On 2 December 1818 a funeral was held in St George’s Chapel for Queen Charlotte, who had died on 17 November. The Queen was buried in the new Royal Vault in St George’s, which had been commissioned in 1804 by her husband, King George III.
This image of the Royal Vault was completed by Alfred Young Nutt, surveyor at the Chapel, in 1849. It shows the vault as it would have originally appeared. Alterations were made at the end of the nineteenth century and the coffins were moved and stripped of their older velvet coverings and refitted with new polished oak and ironwork.
Born on 19 May 1744 and raised in a small court in northern Germany, Sophia Charlotte of the House of Mecklenburg-Strelitz married George III on 8 September 1761 at the age of 17, becoming Queen of Great Britain. The King and Queen lived and ruled through over half a century of world events, including the Seven Years War, the establishment of the British Empire in India, the American War of Independence, The French Revolution and the Napoleonic Wars.
Throughout their reign, George III, Queen Charlotte and their large family firmly established Windsor their home. In commissioning the Royal Vault they also made it their final resting place. Their youngest daughter Princess Amelia died in November 1810 and her funeral was held in St George’s Chapel, but the Royal Vault was then unfinished. Architect James Wyatt was in the process of constructing a corridor from the present altar and a vault under the oldest section of the Chapel (the Tomb House, or Lady Chapel, which was later converted by Queen Victoria into the Albert Memorial Chapel). The Royal Vault was a feat of engineering and was modelled upon the layout of the Hanoverian Royal Vault in Westminster. Wyatt and his nephew Jeffry successfully constructed the largest private burial vault in England at the time, with a subterranean corridor and a vault platform entrance in the floor of the quire, capable of descending slowly through mechanisation.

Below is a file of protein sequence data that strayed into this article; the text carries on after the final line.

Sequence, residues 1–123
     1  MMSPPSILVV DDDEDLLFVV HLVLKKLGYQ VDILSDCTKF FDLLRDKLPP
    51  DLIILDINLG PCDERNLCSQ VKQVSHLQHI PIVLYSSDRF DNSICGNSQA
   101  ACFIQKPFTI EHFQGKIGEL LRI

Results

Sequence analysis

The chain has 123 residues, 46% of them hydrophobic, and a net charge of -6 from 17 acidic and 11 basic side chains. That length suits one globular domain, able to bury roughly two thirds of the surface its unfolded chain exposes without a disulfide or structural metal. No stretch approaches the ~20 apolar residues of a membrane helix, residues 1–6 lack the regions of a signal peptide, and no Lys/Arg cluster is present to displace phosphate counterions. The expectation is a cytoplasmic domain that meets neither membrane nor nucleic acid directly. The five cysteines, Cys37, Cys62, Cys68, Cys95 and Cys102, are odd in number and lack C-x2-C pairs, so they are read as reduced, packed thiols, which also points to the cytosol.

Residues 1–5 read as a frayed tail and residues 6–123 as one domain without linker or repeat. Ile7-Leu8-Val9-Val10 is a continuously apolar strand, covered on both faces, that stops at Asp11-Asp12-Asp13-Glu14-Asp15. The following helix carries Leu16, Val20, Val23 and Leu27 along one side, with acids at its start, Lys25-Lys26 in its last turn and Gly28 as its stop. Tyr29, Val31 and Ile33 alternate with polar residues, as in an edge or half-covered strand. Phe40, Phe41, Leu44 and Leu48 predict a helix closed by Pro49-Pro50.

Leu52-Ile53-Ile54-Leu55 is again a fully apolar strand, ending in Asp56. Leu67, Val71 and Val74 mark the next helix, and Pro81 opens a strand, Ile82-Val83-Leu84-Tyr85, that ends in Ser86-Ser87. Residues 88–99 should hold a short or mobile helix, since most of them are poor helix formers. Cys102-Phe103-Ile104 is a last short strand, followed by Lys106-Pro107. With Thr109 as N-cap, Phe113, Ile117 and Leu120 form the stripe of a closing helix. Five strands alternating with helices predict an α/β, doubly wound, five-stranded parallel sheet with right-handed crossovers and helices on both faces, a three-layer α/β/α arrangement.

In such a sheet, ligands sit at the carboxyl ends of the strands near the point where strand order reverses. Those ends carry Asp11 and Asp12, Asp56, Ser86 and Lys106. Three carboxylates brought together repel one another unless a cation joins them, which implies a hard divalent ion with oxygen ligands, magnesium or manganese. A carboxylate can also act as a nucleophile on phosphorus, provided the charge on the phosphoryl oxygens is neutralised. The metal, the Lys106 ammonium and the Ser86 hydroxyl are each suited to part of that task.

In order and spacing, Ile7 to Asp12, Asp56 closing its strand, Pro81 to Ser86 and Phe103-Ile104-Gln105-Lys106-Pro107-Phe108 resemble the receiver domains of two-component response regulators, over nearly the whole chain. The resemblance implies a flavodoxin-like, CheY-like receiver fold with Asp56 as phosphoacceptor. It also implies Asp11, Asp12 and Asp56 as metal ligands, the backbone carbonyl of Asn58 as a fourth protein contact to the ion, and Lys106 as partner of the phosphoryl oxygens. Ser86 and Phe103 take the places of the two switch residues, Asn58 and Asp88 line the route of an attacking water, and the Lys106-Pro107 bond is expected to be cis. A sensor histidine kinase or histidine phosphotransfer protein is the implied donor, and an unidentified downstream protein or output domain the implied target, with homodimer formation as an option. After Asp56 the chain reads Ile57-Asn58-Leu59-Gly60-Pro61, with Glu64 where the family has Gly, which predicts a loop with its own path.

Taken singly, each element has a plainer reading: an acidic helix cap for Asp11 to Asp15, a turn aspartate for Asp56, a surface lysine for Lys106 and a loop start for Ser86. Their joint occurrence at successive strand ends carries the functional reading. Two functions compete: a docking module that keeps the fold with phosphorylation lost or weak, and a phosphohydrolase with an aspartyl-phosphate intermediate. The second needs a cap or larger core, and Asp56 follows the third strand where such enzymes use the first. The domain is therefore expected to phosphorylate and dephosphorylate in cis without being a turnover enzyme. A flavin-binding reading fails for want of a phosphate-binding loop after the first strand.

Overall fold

Princess Amelia’s remains were transferred when the vault was completed in 1810. They were later followed by those of Augusta Duchess of Brunswick (the king’s sister) in 1813 and of the king and queen’s granddaughter, Princess Charlotte of Wales, and her stillborn son after their tragic death in November 1817.
Queen Charlotte passed away on 17 November 1818 and her body was laid privately in State at Kew Palace, where she had spent the last few days of her life. She was moved to Windsor on Wednesday 2 December 1818, the day of the funeral service, which took place at 8.00 p.m. The hearse which carried Her late Majesty was adorned with ten escutcheons and drawn by eight horses. It stopped at Frogmore to receive a procession, including the Princes of the Blood Royal. The King was not in attendance due to his long-standing illness; the Prince of Wales was, at this time, Prince Regent. Only 54 members of the general public were admitted to the funeral, along with forty Yeomen, the Knights of the Garter and others close to the Royal Family. The Queen, King and Prince Regent’s Apothecaries, Physicians and Surgeons were all present. As were the Ladies of the Bed Chamber, Keeper of Robes, and other attendants of the late Queen [X.33/50].
It was reported afterwards that the Choir performed beautifully and the Dean of St George’s Chapel, the Hon. Henry Hobart, read the burial service “in a most impressive manner”. At twenty-five minutes past nine, as the choir sang, the platform bearing the coffin was gradually lowered by what the New Monthly Magazine called “imperceptible machinery” [CL 12].